- Along with export promotion, we also need to contain some of our large imports. A watch on India’s CAD is critically important if we have to achieve growth with stability.
5. Agrarian distress
- The future growth also depends on the performance of agriculture. Agrarian distress is widespread.
- Strangely, the fall in prices of agricultural products and raising outputs, for instance the case with respect to vegetables, particularly onion, there has been huge wastage.
- The important requirement in this context is not only the financial capacity of the government to procure but also adequate physical arrangements to procure and store.
- Loan waivers are at best short-term solutions. The fundamental problem is one of increasing productivity and enabling farmers to achieve increased output and better prices. There is also a basic weakness that we have to address.
- The average size of landholding is so small that any amount of increase in productivity will not give adequate income. Farmers have to think in terms of consolidation of landholdings so that they can get the benefits of larger size.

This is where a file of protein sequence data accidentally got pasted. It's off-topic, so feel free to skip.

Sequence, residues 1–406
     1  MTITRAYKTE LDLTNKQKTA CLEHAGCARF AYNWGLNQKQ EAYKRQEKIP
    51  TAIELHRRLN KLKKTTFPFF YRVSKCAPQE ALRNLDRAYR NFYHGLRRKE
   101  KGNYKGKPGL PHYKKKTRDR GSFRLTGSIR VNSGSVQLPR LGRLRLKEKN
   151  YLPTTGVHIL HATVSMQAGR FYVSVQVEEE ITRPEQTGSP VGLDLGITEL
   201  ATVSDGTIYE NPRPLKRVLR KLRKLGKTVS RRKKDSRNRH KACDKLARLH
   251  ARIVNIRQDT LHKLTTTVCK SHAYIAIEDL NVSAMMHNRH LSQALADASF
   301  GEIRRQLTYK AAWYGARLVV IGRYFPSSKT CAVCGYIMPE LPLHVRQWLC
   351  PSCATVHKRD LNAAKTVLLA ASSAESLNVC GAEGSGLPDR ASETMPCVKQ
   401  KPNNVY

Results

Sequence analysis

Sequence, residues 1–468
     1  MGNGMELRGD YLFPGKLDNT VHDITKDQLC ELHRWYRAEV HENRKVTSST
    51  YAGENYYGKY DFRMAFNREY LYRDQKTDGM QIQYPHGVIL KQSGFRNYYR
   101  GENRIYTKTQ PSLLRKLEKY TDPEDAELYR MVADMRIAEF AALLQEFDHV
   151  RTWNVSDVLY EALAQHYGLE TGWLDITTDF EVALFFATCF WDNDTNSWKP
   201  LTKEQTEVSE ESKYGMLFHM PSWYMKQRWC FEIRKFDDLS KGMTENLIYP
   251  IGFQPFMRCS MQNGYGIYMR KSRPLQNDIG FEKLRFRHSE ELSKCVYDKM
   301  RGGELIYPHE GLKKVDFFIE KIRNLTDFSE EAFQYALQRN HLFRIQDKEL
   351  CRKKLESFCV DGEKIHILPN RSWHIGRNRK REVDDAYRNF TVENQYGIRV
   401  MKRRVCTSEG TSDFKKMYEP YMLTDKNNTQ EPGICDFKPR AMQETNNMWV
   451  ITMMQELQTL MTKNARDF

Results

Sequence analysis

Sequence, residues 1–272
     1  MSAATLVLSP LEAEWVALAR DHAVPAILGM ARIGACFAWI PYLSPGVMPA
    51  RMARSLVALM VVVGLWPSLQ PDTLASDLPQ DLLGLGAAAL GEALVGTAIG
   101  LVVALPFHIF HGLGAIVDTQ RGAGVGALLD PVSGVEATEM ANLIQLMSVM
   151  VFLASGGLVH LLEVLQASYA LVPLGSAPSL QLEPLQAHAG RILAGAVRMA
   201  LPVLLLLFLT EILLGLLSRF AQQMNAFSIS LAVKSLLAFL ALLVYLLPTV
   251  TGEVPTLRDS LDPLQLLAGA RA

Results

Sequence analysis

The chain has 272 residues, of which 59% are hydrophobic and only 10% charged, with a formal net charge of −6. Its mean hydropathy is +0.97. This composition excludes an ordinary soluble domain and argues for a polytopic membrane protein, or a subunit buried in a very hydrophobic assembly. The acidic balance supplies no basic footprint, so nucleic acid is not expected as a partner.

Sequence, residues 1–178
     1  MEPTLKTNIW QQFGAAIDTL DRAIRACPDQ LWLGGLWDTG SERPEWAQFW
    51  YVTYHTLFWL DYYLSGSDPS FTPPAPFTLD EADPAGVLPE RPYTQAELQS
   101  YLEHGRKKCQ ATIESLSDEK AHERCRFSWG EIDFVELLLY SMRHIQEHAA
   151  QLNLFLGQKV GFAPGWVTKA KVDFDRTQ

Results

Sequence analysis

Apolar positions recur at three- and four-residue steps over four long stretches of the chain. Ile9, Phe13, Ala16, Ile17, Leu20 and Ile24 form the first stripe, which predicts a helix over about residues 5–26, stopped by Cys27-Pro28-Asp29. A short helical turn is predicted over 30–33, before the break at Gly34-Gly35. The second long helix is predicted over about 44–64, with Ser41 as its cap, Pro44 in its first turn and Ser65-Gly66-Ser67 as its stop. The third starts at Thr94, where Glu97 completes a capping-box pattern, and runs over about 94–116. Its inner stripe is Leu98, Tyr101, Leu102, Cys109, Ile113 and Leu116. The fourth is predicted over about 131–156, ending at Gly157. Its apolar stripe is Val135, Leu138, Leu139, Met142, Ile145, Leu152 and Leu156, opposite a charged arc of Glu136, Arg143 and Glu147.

- Small farmers will also have to think in terms of higher value-added products like vegetables.
- A combined attack to increase productivity, consolidate landholdings and improve marketing is needed to assure farmers of better income.
- Thus there are five concerns viz raising the investment ratio; putting the banking system back on the rails; employment generation through better growth; enhancing export growth to contain the CAD; and removing agrarian distress by increasing productivity and consolidation of small landholdings.
- These issues need to be addressed comprehensively, if we have to achieve sustained high growth.